Perioperative melatonin secretion in patients undergoing coronary artery bypass graft surgery: a pilot study
© BioMed Central Ltd on behalf of the copyright holder 2000
Published: 4 January 2001
Melatonin, a neurohormone, plays important roles in adjusting the 'biological clock', and is an important mediator in many normal physiological functions . Melatonin disturbances have been linked to neuropsychological dysfunction and postoperative delirium . However, there have been no reports on postoperative melatonin levels to date. The aim of the present study was to observe perioperative melatonin secretion in patients undergoing coronary artery bypass graft surgery.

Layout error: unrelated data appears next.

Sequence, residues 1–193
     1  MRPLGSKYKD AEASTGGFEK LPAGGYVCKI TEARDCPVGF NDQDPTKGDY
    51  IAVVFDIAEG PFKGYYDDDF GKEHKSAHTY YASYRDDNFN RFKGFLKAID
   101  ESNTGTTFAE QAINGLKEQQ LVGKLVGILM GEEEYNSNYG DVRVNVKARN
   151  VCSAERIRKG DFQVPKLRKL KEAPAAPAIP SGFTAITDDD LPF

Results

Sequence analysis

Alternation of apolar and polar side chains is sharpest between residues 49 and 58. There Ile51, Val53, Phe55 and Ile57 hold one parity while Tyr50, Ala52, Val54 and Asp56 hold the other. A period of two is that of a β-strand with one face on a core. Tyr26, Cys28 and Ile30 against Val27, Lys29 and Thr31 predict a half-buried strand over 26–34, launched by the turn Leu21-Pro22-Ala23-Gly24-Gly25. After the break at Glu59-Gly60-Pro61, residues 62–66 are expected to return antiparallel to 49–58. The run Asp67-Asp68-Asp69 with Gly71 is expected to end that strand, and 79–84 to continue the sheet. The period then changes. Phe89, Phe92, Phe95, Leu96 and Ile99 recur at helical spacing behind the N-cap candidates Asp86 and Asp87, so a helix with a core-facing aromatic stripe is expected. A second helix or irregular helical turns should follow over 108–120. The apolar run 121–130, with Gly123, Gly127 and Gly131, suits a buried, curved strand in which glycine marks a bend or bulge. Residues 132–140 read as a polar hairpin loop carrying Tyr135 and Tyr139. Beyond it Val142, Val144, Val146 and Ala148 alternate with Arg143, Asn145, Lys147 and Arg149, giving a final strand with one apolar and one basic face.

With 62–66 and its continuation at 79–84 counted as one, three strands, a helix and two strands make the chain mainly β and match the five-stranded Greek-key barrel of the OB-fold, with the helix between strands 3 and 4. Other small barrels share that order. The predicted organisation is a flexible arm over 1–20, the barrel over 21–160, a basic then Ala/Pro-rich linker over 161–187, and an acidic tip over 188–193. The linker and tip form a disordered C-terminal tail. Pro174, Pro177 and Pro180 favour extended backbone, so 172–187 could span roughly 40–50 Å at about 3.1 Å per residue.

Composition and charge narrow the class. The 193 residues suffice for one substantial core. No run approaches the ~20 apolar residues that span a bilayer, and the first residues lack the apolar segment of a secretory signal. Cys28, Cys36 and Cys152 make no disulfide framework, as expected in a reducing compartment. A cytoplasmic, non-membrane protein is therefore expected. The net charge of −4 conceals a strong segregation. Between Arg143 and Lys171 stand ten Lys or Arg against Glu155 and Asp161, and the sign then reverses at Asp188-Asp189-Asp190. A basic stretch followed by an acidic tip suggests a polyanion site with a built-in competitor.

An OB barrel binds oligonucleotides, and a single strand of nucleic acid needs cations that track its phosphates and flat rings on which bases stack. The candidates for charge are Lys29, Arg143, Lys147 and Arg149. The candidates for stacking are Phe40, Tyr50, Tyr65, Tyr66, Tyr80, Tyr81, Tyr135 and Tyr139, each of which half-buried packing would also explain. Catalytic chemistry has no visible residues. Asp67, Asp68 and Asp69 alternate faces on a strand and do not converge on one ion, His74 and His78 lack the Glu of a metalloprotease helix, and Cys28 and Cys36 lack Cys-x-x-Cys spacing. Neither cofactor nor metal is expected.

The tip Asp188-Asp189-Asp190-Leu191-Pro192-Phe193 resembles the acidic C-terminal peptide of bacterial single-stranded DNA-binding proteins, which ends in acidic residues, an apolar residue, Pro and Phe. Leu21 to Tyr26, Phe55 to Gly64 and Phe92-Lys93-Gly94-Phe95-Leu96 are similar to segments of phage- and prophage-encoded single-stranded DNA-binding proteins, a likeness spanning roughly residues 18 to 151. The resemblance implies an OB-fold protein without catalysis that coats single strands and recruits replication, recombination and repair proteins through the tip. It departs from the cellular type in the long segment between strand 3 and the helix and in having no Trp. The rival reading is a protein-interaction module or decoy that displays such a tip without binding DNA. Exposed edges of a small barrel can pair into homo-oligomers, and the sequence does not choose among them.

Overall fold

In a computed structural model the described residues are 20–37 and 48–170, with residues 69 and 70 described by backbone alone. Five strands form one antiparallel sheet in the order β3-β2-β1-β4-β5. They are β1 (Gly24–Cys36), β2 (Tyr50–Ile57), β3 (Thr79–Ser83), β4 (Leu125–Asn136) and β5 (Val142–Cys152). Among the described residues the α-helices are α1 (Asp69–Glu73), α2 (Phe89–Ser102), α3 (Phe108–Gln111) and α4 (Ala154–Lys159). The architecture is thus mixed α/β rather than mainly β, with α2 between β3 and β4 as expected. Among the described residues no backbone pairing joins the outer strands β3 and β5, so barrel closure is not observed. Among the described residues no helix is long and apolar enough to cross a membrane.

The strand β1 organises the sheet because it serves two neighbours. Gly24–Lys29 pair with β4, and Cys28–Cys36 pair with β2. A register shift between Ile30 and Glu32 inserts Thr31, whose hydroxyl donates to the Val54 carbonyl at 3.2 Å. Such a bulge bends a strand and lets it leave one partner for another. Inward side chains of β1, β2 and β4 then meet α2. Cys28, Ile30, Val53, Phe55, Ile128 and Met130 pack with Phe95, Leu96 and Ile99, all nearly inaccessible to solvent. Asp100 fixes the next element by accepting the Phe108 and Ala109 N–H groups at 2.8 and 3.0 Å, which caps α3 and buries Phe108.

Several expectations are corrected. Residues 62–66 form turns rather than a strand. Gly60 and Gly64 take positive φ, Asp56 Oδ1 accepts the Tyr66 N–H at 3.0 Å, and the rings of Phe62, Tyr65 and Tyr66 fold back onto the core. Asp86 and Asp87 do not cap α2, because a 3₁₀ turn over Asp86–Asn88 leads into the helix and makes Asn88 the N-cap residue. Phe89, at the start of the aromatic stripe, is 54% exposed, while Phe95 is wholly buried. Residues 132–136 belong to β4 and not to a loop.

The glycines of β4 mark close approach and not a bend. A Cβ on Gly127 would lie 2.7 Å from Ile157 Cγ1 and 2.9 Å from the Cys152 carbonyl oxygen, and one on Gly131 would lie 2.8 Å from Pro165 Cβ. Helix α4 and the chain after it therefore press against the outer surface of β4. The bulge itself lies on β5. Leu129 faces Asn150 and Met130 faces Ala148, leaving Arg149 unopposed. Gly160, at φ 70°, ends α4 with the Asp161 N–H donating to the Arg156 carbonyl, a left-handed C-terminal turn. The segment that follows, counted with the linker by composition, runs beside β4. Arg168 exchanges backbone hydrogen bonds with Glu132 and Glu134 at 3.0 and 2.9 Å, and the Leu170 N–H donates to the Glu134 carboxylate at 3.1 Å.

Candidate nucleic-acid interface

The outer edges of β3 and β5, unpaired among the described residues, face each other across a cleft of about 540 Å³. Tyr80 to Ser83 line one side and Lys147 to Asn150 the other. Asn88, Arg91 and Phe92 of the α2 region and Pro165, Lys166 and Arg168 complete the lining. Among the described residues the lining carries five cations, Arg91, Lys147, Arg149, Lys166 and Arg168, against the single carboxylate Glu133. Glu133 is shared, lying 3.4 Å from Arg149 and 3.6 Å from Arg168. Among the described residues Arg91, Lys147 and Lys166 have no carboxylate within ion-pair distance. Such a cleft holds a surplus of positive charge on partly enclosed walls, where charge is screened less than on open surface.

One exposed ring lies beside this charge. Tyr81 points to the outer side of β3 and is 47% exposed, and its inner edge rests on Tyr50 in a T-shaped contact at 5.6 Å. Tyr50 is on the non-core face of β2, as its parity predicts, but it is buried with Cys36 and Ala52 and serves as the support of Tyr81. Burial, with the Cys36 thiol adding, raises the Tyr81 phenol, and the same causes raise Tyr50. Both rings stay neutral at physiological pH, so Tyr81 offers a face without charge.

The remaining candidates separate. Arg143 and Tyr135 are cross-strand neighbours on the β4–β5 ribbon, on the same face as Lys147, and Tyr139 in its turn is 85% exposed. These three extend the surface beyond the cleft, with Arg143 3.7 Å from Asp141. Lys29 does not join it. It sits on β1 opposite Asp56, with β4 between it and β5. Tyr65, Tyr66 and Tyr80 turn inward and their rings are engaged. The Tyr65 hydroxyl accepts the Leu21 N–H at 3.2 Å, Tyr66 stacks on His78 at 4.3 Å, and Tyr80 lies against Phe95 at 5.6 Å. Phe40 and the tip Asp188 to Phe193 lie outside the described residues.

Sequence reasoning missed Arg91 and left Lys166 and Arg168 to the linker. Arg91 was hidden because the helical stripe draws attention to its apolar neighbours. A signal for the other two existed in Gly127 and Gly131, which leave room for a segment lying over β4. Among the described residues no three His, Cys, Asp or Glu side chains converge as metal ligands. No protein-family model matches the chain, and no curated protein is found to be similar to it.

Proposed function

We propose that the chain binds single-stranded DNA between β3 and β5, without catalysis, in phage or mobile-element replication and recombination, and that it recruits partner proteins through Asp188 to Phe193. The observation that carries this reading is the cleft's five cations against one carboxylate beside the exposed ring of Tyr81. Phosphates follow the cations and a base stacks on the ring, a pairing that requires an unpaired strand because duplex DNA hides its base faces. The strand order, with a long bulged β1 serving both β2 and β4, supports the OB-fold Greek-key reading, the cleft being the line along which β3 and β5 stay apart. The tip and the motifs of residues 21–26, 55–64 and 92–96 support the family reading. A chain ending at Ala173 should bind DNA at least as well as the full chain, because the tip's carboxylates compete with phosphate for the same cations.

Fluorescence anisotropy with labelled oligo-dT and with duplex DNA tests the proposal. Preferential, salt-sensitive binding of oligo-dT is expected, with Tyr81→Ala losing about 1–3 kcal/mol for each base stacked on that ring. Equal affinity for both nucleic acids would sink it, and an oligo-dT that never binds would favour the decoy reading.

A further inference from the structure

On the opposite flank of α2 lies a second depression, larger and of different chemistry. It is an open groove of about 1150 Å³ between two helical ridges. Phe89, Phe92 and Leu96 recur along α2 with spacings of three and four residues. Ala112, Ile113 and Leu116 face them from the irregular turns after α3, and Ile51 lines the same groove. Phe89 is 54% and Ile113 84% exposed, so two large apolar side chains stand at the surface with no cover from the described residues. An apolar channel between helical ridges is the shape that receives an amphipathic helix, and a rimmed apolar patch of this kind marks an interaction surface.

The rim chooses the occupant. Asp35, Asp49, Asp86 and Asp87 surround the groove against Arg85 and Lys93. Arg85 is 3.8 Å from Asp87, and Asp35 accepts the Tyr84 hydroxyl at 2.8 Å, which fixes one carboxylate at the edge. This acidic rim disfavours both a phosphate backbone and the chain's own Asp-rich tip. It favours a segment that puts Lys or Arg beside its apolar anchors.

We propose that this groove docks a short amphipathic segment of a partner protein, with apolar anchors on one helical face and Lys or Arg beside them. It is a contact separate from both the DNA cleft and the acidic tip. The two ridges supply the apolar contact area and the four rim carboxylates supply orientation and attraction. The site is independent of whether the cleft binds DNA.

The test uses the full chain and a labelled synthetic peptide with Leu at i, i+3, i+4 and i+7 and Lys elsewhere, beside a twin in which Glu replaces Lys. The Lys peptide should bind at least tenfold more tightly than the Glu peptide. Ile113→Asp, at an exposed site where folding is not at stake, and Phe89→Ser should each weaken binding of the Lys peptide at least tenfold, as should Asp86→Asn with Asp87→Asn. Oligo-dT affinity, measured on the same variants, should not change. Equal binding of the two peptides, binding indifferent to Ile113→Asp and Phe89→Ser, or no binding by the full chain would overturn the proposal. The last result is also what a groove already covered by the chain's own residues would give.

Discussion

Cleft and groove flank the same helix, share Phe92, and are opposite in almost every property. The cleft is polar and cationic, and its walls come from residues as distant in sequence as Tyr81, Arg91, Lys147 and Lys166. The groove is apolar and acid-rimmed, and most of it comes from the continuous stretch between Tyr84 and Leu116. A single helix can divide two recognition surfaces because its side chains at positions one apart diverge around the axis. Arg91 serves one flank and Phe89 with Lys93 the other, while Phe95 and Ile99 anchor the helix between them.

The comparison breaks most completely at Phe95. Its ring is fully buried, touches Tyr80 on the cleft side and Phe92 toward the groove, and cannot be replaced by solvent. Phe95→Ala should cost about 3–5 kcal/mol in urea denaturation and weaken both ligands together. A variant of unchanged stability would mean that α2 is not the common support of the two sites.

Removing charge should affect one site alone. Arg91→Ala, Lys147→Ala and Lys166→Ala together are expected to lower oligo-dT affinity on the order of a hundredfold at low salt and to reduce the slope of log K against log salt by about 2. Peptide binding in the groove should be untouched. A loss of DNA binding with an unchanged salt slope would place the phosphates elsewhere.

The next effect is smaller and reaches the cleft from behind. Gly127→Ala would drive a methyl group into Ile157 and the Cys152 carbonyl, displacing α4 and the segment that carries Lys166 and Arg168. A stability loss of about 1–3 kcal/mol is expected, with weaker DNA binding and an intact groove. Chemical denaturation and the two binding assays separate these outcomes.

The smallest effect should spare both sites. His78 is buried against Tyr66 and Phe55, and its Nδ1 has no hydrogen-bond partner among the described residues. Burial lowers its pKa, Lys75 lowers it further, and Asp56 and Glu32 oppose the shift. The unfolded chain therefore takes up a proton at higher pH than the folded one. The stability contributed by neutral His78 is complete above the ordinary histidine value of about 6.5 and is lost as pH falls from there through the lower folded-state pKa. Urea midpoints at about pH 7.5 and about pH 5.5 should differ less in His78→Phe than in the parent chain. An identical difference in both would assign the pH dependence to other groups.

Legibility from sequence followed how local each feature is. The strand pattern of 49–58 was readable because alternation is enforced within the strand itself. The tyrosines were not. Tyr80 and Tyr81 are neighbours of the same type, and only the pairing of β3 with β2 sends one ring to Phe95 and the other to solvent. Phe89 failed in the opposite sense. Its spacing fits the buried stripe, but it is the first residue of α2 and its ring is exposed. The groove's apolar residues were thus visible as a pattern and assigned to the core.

Patients and methods
After local ethics committee approval and informed consent, 11 male patients aged between 60 and 78 years, who were scheduled for elective coronary artery bypass graft surgery under hypothermic cardiopulmonary bypass, were enrolled in the study. All patients received the same anaesthesia regimen, which is used routinely at Papworth Hospital. Blood samples for measurements of melatonin were taken during the day of surgery at specific time points and every 3 h on postoperative days 2 and 3. Plasma concentrations of melatonin were measured using a radioimmunoassay method.
Melatonin secretion is impaired during cardiac surgery and in the immediate postoperative period. However, a circadian rhythm is present from postoperative day 2. The clinical implication of this observation has to be evaluated further.
X Guo is sponsored by the Royal Society Fellowship.